The implications of global climatic changes for international security

@article{Gleick1989TheIO,
  title={The implications of global climatic changes for international security},
  author={Peter H. Gleick},
  journal={Climatic Change},
  year={1989},
  volume={15},
  pages={309-325}
}
  • P. Gleick
  • Published 1 October 1989
  • Economics
  • Climatic Change
Global climatic changes caused by growing concentrations of atmospheric trace gases have the potential to alter international relationships, economics, behavior, and security. While there is debate about the extent to which environmental problems alone can lead to conflict, it is widely acknowledged that resource constraints can act as roots leading to economic pressures and tensions, or as triggers to conflict when other pressures and tensions exist between states. Recent widespread attention… Expand

Figures from this paper

Climate Change and International Politics: Problems Facing Developing Countries
Global climate changes caused by human activities have the potential to alter agricultural productivity, freshwater availability and quality, sea level, and many other factors of importance toExpand
Climate and conflicts: the security risks of global warming
Since the publication of the fourth assessment report of the Intergovernmental Panel on Climate Change in 2007, the securitization of global warming has reached a new level. Numerous publicExpand
Global Climatic Changes and Geopolitics: Pressures on Developed and Developing Countries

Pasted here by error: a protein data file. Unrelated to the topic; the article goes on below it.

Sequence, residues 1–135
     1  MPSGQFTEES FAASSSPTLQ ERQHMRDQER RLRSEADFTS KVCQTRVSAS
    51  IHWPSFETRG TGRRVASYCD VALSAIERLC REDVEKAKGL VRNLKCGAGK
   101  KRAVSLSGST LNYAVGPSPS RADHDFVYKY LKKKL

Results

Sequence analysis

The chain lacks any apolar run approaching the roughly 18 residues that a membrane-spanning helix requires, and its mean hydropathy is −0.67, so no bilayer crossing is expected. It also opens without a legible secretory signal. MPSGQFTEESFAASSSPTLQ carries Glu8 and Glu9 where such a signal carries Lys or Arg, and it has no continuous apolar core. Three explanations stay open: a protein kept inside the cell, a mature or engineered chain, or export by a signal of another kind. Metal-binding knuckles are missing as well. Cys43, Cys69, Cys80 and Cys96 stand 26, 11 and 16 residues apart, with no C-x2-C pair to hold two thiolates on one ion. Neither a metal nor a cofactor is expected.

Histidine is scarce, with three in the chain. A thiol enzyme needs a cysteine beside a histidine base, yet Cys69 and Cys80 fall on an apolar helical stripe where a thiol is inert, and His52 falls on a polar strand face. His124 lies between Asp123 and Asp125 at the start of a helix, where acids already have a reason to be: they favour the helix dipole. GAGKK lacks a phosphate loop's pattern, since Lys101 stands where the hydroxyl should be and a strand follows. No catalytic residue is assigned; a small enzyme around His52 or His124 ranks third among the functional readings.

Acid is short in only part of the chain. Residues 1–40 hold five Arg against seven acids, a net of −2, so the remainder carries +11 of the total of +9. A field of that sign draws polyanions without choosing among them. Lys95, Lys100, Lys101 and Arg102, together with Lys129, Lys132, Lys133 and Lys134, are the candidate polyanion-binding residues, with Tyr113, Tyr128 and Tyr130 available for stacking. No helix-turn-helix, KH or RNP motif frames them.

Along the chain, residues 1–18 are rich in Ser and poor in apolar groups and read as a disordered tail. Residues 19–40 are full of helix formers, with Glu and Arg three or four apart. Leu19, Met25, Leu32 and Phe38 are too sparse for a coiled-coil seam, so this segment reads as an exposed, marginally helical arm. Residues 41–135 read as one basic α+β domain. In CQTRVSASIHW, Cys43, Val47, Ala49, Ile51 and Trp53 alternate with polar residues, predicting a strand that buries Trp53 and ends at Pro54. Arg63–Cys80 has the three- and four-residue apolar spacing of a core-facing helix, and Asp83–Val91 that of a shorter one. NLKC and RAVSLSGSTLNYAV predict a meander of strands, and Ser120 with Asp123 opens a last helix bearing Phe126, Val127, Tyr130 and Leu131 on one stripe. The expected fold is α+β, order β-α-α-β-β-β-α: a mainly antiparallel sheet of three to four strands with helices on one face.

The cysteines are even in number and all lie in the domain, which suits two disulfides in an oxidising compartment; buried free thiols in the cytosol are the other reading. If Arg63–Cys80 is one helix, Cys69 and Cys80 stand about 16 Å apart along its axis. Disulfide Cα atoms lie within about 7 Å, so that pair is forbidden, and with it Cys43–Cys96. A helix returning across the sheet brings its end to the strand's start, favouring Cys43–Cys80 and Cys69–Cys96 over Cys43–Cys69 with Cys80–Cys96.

Large-scale climatic changes may lead to international frictions and resource competition between both developed and developing countries for three principal reasons: the major responsibility for theExpand
Environmental Security Concerns: Sources
We are witnessing a new phenomenon in the global arena: the environmental dimension to security issues. It reflects those environmental factors - water, soil, vegetation, climate, and whatever othersExpand
The effects of future climatic changes on international water resources: the Colorado River, the United States, and Mexico
International water resources have been a source of contention in many parts of the world over the last few decades and such conflicts may grow in frequency and severity as future climatic changesExpand
Climate Change, Conflict, and Cooperation: Global Analysis of the Resilience of International River Treaties to Increased Water Variability
Although water variability has already been observed across river basins, climate change is predicted to increase variability. Such environmental changes may aggravate political tensions, especiallyExpand
Climate change, conflict, and cooperation: Global analysis of the effectiveness of international river treaties in addressing water variability
Abstract Climate-driven water variability is a natural phenomenon that is observed across river basins, but one that is predicted to increase due to climate change. Environmental change of this kindExpand
Resource Scarcity: Responding to the Security Challenge
ing from this and other sources, we can suggest several hypotheses about scarcity-security challenges related to climate change: • Climate change will weaken states that are already not able toExpand
Global Environmental Issues and International Politics